The 2GB of DDR4 RAM is more than enough for most NAS tasks you’d run on a Synology enclosure. If you’d require more, a 4GB module can be installed to bring the total up to 6GB. There are two M.2 slots that can be used for installing NVMe SSDs to act as a speedy cache.

Each Synology NAS is capable of running the company’s excellent DiskStation Manager OS. This is one of my favorite operating systems for prebuilt NAS enclosures. Version 7 is the latest release and has a user experience that matches what you’d usually find on desktop or notebook PCs.

Synology DSM 7
Synology DSM 7 home screen. (Source: NAS Master)

The DiskStation DS420+ takes a few moments to set up and install everything. With a Synology Account, you’ll be able to access the NAS from anywhere in the world without having to worry about external IP addresses. Various apps like Plex Media Server can be installed using the Package Center.

It’s a fantastic NAS enclosure that can do numerous tasks. You’ll struggle to find weaknesses with what’s included in terms of specifications of hardware and software.

Synology DiskStation DS420+: What you’ll hate

Synology DiskStation DS420+
Synology DiskStation DS420+. (Source: NAS Master)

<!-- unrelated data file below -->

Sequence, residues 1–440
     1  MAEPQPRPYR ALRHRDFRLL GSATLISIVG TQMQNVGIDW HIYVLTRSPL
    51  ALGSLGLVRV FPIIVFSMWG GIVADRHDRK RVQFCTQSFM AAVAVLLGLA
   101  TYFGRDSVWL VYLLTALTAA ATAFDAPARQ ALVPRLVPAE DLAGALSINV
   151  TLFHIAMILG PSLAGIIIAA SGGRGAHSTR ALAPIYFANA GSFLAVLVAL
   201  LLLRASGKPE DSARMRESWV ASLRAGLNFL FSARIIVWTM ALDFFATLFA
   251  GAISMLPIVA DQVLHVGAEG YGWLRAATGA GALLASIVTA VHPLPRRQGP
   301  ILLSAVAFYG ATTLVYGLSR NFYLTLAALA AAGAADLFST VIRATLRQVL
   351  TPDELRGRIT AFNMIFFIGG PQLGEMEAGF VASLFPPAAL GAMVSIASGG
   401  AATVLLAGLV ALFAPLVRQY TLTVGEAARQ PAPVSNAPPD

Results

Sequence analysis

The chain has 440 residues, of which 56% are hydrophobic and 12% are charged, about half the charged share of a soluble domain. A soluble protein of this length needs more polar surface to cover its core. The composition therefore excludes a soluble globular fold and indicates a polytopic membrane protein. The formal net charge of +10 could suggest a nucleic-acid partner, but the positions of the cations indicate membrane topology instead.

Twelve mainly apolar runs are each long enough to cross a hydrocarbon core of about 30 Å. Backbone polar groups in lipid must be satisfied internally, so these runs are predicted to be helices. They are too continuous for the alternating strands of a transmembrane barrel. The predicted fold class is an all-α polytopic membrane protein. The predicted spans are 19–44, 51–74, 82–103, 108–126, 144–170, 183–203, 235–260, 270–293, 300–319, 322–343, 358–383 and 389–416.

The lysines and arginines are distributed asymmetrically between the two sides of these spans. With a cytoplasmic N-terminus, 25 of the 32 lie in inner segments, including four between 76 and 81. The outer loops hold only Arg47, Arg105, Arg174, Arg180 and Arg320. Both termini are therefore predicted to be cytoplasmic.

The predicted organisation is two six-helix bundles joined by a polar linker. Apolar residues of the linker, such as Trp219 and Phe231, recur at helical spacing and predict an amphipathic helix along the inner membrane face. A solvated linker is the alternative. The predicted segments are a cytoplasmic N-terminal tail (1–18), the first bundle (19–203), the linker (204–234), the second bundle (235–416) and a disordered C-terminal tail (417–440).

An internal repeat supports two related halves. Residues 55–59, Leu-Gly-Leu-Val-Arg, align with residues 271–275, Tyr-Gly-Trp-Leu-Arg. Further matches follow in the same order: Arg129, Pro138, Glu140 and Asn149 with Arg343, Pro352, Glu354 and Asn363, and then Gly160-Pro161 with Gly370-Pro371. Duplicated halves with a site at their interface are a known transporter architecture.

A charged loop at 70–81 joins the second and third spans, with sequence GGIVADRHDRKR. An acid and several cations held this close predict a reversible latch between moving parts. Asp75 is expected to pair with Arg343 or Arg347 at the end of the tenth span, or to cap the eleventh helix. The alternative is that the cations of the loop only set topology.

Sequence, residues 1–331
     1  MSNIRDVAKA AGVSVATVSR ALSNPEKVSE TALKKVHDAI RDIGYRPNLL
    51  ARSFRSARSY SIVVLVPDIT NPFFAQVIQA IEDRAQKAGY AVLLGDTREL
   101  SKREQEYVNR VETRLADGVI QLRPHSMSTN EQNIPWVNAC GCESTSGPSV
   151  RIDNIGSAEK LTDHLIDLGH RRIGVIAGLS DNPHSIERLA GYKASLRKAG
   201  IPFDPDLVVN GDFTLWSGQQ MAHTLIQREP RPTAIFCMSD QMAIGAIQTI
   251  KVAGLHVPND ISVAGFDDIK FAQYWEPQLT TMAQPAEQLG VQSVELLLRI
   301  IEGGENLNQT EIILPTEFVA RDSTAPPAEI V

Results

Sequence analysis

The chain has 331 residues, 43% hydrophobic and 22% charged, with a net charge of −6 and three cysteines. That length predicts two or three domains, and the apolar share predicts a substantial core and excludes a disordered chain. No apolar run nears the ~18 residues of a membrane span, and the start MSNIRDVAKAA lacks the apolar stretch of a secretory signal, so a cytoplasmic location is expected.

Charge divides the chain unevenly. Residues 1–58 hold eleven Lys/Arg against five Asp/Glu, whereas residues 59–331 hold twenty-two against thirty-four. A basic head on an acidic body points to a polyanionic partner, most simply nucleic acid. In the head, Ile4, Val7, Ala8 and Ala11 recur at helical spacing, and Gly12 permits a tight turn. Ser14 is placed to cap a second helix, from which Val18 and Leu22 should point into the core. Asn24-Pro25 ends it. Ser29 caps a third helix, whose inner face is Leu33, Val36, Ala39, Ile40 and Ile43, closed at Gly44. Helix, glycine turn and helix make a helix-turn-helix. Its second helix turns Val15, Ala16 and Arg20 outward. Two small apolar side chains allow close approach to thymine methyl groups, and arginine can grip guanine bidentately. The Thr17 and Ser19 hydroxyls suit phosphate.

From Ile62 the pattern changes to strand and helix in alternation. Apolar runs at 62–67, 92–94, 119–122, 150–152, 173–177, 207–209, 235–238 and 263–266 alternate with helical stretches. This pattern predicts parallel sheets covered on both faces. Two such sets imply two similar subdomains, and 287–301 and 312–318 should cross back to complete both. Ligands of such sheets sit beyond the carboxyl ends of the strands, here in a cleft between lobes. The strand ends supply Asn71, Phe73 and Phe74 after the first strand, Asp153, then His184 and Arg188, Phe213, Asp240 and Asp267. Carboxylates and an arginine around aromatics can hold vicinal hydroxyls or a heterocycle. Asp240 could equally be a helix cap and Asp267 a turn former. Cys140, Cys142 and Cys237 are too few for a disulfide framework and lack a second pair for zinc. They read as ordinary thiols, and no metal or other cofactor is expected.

The Synology DiskStation DS420+ costs $500, which is a considerable chunk of change for a NAS enclosure that doesn’t have at least a 2.5Gb LAN connection. It does have two 1Gb LAN ports that can be aggregated for additional bandwidth, however.

Synology DiskStation DS420+: Competition

ASUSTOR AS5304T. (Source: NAS Master)

There’s plenty of competition in the two and four-bay NAS enclosure segment of the market. The DiskStation DS420+ has to contend with the TerraMaster F4-421, which happens to be a full $30 more affordable with similar hardware. An issue with TerraMaster NAS is the OS, which isn’t as refined as Synology DiskStation Manager.

Synology DiskStation DS420+: Should you buy?

Synology DiskStation DS420+
Synology DiskStation DS420+. (Source: NAS Master)

Who should buy this?

  • If you want an affordable NAS.
  • If you need a NAS with four drive bays.
  • If you want a decent NAS experience.
  • If you want to backup devices and media.

Who shouldn’t buy this?

  • If you want to set up a powerful 4K media server.
  • If you have more than 72TB of data to store.
  • If you want an Intel processor.

Synology’s catalog of NAS enclosures is ideal for the home or a small office. The DS220+ is my go-to option for most people who are picking their first NAS, but if you know you’ll need more than 18TB of capacity, the DiskStation DS420+ is a very close second.

The specifications of the two enclosures are very similar, aside from the number of drive bays. This NAS server will easily handle file storage and even run a Plex Media Server. It’s just a shame that 2.5Gb and 10Gb LAN ports are locked away for more expensive Synology NAS only.

Synology DiskStation DS420+
Synology DiskStation DS420+. (Source: Synology)

Synology DiskStation DS420+

I’m a huge fan of the DS220+ and its larger sibling is just as good, allowing you to pack the NAS full of even more data.

Richard Pinnock-Edmonds Avatar

Latest articles